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Google Adwords - How real time is it?

How do the stats showing on Google relate to real time



5:37 pm on Nov 20, 2002 (gmt 0)

WebmasterWorld Senior Member 10+ Year Member

We've just launched a couple of campaigns on Google Adwords and according to our tracking tool we should be delighted with the results and judging by the e-mails and phone calls we have had we are.

So, first off, big thanks to Google for delivering the traffic.

But, when we look at the Google stats, they should be something close to the stats we see but they are a million miles away in terms of Google say they have delivered 250 visitors, when we feel it's more like 500 in the past 5 hours or so.

Is there a problem with the real time nature, or is it that it's not real time at all? If it is historical, how much is the lag?

Can anyone shed some light on this?

Mikkel Svendsen

10:03 pm on Nov 20, 2002 (gmt 0)

10+ Year Member

I just want to be clear, what you are saying is that you track more visitors coming from Google than what they are charging you for?

Are you indexed in Google too?
How are you tracking your ads?

Unless you use some sort of tracking URL for your Google ads your can't seperate ads and regular SERPS

But even if you set up everything correct there will allways be a difference. Thats just a fact of life on the web - once you track things using two different methods (in this case Google's and yours) you WILL get two different results :)

In most of my tracking Google count approx 15% more than I do. That is absolutely within reasonable limits. Caching alone can make up for the 15%.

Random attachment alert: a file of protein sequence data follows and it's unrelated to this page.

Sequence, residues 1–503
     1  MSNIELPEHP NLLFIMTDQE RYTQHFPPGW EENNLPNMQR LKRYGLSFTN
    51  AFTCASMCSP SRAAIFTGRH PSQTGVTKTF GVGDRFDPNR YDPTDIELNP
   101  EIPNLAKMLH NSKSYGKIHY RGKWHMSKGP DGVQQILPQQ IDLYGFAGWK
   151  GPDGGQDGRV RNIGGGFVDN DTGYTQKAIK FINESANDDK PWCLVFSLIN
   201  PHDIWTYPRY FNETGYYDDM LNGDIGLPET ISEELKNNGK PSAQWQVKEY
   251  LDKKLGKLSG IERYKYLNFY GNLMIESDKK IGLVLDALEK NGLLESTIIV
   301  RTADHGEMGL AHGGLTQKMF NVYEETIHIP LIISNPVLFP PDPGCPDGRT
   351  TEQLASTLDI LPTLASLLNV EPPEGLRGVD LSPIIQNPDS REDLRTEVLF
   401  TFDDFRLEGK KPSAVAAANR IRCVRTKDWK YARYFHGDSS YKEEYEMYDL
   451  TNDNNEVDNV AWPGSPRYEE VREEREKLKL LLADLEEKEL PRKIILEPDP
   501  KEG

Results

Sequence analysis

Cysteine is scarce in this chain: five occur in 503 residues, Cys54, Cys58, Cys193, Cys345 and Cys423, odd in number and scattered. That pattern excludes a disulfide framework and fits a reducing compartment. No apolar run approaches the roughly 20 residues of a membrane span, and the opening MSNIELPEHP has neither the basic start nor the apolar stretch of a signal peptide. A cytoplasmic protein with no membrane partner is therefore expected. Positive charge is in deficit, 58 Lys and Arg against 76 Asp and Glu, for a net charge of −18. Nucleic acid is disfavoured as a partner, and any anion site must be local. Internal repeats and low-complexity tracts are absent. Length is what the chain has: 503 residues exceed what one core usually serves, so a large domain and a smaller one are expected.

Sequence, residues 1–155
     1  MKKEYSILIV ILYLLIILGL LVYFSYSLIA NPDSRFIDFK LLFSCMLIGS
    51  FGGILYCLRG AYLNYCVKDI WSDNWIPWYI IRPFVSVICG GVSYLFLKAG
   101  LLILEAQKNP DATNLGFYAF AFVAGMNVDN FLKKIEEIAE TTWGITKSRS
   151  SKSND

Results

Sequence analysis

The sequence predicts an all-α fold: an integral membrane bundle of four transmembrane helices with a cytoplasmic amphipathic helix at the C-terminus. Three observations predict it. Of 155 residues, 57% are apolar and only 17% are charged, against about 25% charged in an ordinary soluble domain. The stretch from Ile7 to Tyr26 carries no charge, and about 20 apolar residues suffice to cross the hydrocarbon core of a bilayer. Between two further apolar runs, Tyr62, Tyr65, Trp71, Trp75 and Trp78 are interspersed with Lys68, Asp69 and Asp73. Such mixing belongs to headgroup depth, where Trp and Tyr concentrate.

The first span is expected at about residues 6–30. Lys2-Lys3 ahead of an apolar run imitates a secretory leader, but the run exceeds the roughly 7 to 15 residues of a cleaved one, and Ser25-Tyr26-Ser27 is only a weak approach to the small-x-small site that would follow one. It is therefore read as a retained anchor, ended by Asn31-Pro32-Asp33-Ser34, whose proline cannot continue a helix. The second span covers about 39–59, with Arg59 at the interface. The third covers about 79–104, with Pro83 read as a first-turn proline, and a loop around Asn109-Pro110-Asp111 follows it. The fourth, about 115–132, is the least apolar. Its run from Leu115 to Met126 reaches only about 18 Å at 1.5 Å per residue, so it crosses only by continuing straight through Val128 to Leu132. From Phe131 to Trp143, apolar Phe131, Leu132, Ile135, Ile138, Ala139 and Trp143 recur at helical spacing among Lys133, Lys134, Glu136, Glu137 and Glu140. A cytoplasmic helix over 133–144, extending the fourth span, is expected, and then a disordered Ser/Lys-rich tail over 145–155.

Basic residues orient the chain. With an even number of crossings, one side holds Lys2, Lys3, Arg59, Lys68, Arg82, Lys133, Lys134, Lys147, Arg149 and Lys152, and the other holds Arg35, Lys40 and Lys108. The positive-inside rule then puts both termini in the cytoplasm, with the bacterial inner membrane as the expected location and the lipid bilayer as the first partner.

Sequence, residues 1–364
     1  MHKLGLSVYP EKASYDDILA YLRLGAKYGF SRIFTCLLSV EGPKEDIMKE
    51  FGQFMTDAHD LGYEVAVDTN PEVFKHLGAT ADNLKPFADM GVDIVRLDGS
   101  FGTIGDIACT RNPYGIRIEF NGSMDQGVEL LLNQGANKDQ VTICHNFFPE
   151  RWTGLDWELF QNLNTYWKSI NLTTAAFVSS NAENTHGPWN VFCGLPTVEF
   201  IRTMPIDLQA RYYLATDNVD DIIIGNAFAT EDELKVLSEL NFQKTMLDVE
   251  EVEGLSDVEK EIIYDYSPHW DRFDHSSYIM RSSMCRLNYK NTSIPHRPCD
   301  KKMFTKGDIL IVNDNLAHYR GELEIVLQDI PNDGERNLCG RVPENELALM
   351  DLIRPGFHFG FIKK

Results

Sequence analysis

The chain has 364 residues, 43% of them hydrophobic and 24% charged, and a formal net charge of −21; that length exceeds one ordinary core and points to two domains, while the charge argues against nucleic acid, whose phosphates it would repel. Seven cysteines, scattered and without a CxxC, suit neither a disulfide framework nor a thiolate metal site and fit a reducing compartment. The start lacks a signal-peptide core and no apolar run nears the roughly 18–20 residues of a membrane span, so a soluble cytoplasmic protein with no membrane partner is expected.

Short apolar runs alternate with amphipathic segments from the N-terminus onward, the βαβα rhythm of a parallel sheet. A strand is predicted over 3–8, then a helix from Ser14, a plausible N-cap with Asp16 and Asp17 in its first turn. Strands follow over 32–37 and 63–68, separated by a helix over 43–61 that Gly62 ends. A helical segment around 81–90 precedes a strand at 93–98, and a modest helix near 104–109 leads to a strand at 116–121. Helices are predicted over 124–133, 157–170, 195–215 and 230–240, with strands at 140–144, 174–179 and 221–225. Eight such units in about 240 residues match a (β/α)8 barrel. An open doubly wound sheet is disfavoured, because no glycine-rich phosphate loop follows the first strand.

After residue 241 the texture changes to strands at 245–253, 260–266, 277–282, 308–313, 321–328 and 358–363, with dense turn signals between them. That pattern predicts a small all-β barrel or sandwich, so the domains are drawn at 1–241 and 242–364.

11:44 am on Nov 21, 2002 (gmt 0)

WebmasterWorld Senior Member 10+ Year Member


We do track each adword click, so we can establish the normal SERPS from the paid ads.

Yes I noticed that we had noticed there was a significant number more than Google's interface indicated.

It seems to have aligned itself more now and is almost real time, guess Google had a nap or something.

Just as an aside, the real benefit of tracking the clicks is in identifying whether it's .com .co.uk or other Google engine, but also on phrase matches we can see the search string used. If it is obviously not the type of visit we are looking for then we can include the bit we don't want as a negative match. Sometimes you don't know until you see it.

It's funny when ever you get something like this happen Google just refuse to accept that your tracking may be better than theirs (which is probably true... but the elitist attitude sheesh!)


9:41 pm on Nov 21, 2002 (gmt 0)

I know Overture screens clicks to help prevent fraud, and it sounds like Google may be doing the same thing. That is, Google may see some of the 500 clicks you have recorded as someone trying to charge your account for a bunch of 'piffle clicks'.


11:19 pm on Nov 21, 2002 (gmt 0)

Also, often there is a lag in reports that could be upto 4 hours based on my past observations! So, that could be a potential factor too!


5:59 pm on Nov 22, 2002 (gmt 0)

WebmasterWorld Senior Member googleguy is a WebmasterWorld Top Contributor of All Time 10+ Year Member

We try to keep things very close to real-time, but things can lag behind if we have to do maintenance, or a backbone connection gets cut, etc. So we don't guarantee everything is real time, but we do our best to deliver it that way.

Glad that Adwords is working well for you. Any tips you'd care to share to help out other webmasters?


10:29 pm on Nov 22, 2002 (gmt 0)